So, it would take another century plus several decades, after repeated military humiliations at the hands of the West, that the Chinese realized that they were no longer the Middle Kingdom, or even an equal of the West. But reforming China (while maintaining Manchu rule over the Chinese, or even the imperial form of government) turned out to be impossibly difficult, and the Chinese would collapse into a chaotic mess that persisted for yet another century.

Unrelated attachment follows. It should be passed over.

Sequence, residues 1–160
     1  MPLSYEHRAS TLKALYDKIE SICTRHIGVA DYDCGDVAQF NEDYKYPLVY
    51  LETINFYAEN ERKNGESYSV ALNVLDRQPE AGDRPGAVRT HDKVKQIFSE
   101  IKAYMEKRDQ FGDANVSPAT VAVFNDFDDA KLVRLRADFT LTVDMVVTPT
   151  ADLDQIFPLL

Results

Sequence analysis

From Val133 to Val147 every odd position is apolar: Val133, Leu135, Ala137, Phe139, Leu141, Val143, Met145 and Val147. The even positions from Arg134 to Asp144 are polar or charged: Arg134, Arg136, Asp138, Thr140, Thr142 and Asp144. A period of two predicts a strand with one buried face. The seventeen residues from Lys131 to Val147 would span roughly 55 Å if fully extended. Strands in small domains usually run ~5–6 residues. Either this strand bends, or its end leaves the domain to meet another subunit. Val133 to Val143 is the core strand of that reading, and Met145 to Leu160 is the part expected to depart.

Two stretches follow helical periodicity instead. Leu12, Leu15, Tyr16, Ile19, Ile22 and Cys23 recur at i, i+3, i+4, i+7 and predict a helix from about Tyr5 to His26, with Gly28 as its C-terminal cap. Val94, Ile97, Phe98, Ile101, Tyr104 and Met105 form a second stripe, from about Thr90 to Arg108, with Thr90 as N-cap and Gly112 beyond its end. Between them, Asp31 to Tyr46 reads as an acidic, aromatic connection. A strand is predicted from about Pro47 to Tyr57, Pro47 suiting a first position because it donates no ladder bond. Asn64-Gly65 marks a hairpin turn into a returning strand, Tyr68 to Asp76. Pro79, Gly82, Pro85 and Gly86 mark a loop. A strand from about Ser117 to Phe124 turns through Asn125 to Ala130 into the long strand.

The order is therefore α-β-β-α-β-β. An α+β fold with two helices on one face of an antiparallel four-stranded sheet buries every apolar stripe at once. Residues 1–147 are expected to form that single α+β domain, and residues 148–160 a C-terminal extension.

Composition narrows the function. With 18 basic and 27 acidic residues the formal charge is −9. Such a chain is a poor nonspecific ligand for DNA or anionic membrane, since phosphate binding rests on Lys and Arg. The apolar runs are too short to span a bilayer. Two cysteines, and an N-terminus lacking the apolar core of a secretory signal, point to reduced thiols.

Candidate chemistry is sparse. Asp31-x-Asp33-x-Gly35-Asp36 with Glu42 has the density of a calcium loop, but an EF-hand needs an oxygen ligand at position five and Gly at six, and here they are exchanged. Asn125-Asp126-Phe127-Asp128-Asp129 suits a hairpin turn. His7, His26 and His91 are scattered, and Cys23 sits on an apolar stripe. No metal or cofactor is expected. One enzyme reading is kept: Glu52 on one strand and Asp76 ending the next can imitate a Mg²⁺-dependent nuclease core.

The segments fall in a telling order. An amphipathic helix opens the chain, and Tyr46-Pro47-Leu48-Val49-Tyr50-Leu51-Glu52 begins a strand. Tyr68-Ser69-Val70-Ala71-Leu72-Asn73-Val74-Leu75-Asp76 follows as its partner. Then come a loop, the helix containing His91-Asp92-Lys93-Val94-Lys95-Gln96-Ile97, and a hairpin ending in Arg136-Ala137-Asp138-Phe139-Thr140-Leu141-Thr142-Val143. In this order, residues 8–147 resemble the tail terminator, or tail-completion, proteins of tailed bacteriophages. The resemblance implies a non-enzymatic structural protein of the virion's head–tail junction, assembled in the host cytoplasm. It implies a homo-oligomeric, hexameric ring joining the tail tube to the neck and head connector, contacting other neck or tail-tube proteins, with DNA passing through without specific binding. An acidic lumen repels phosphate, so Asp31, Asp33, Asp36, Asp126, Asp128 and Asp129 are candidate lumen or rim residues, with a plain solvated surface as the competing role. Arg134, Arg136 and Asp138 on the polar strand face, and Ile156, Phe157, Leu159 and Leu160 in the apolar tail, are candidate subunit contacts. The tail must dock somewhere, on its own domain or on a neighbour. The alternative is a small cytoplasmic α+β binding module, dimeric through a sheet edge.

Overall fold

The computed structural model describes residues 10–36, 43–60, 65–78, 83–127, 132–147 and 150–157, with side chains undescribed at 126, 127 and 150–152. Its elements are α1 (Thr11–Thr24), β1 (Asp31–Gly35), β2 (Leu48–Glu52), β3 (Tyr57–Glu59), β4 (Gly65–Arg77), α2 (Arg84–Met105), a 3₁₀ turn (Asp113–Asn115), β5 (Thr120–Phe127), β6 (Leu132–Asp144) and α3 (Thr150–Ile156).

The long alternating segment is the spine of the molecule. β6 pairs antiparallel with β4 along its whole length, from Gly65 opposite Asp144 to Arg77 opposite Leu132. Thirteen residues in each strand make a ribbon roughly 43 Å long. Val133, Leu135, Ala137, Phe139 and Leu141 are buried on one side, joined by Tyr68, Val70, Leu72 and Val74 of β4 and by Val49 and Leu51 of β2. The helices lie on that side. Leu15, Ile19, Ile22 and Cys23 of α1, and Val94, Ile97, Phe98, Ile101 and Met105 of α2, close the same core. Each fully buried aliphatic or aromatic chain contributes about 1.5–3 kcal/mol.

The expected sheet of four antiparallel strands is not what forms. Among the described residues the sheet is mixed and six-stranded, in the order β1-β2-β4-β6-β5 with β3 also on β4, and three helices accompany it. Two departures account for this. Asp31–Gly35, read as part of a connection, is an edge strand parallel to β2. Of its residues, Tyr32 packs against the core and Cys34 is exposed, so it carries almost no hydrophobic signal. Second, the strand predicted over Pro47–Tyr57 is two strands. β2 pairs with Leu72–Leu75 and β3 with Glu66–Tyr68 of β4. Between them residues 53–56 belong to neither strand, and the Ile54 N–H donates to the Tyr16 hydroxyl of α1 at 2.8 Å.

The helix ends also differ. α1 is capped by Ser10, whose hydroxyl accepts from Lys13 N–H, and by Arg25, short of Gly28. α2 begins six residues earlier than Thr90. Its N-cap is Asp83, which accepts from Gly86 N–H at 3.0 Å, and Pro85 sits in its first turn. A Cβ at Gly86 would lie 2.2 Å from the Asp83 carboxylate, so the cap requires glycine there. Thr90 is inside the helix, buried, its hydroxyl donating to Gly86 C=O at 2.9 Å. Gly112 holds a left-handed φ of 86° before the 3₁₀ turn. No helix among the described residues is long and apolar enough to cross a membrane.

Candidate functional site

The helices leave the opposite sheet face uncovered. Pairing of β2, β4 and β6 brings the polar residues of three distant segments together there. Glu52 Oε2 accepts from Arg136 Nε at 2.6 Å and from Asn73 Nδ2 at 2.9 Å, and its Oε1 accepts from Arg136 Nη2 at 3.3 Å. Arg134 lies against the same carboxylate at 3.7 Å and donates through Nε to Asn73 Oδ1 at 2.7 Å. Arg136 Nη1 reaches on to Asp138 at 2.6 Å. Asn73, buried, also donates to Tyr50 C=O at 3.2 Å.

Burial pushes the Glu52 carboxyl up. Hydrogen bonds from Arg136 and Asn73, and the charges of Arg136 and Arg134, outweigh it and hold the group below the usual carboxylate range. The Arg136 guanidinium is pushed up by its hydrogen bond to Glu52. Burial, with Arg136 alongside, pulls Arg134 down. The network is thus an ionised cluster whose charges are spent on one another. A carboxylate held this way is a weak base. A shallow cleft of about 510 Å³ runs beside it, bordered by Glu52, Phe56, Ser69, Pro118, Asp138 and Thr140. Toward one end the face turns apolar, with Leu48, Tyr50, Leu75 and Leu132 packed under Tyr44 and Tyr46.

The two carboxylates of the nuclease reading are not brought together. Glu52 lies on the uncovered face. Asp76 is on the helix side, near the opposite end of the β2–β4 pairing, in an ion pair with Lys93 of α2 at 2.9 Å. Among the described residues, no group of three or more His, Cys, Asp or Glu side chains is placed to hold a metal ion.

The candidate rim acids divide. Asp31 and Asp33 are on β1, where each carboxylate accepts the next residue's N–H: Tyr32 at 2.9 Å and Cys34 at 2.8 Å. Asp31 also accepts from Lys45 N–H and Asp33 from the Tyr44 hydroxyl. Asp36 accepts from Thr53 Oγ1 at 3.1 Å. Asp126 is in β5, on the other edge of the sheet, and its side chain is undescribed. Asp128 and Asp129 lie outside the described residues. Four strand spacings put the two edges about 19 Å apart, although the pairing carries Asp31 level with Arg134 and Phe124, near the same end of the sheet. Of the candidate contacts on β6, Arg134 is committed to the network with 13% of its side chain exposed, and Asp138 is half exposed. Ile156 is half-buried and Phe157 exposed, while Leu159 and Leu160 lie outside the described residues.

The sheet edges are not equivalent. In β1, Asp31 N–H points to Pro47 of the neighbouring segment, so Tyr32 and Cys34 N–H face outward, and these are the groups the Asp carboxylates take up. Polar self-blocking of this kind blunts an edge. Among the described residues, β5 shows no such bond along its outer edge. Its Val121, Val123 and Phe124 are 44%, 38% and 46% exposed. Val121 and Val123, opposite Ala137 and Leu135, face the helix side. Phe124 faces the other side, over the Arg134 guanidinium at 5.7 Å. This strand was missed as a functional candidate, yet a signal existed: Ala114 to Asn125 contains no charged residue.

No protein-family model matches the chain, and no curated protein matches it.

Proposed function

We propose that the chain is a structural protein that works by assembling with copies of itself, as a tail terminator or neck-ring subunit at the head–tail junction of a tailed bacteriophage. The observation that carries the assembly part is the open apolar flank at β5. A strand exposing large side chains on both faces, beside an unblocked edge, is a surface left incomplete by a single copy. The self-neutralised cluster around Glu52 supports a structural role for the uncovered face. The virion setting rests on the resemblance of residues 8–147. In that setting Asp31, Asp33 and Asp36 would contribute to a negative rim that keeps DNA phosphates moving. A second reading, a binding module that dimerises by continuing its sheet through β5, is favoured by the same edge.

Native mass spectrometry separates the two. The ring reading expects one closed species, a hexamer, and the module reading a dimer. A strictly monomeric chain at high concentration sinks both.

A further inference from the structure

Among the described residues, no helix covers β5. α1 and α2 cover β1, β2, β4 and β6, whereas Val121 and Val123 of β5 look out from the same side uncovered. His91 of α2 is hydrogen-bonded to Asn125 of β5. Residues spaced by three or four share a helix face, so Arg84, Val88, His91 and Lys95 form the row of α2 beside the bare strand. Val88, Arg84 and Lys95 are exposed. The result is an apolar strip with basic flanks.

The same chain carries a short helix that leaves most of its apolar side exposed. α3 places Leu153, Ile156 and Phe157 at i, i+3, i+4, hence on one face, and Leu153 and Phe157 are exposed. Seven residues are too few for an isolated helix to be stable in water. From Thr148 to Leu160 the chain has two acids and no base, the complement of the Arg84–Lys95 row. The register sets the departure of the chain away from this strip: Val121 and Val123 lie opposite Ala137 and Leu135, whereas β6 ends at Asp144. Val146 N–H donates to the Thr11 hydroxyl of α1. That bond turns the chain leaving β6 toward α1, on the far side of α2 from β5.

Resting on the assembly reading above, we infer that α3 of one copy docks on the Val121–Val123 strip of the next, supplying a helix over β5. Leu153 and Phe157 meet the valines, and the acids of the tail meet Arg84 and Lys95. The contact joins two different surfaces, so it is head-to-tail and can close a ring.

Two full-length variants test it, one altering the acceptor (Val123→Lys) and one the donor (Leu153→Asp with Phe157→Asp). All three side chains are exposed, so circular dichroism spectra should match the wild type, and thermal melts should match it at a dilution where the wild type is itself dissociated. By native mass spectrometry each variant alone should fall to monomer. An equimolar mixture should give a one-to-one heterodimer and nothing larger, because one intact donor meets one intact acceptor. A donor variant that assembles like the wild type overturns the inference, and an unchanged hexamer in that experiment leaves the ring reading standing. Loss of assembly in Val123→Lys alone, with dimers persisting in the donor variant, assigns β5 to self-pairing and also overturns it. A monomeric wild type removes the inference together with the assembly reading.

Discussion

So, how much does the Western mindset today resemble that of China (with a lot of Imperial Spain mixed in)? Quite a lot, I think. Their idea of the world is out of date by decades (not quite centuries like China's, but the world moves a lot faster these days). Realpolitik was never really outdated even under American hegemony, but, much the way rulers of Korea and Vietnam kowtowed before the Chinese emperor (or, his usually ceremonial edict, I suppose), the forms of observing the rituals that made the American elite happy were always observed publicly. The immense "size," in economic, social, cultural, and military, if not necessarily in population, of United States means that no one is (or at least was) willing to challenge its primacy openly and its failures/defeats are conveniently memory holed. (For comparison, consider the series of wars between China and Burma/Myanmar, the latter being ruled by the new and very warlike Konbaung dynasty. The Burmese inflicted a series of humiliating defeats on the Chinese over a border dispute (Burma was basically annexing by force a bunch of border tribes who claimed that they were under protection of the Chinese Empire), but they concluded the war by acknowledging their vassal status, sending tribute to the emperor, etc--but they kept the territory--and the whole affair was recorded by Chinese court historians as yet another great victory by the Empire over lesser states.) In the past decade or two, United States has suffered quite a lot of foreign policy setbacks, but, like the Chinese Empire in Burma/Myanmar, no one was really willing to stick it to the Chinese and ignore the "forms." So, again, like the Chinese imperial army's failures in 18th century Burma, they are recorded as more episodes of glorious success by the Indispensable Nation.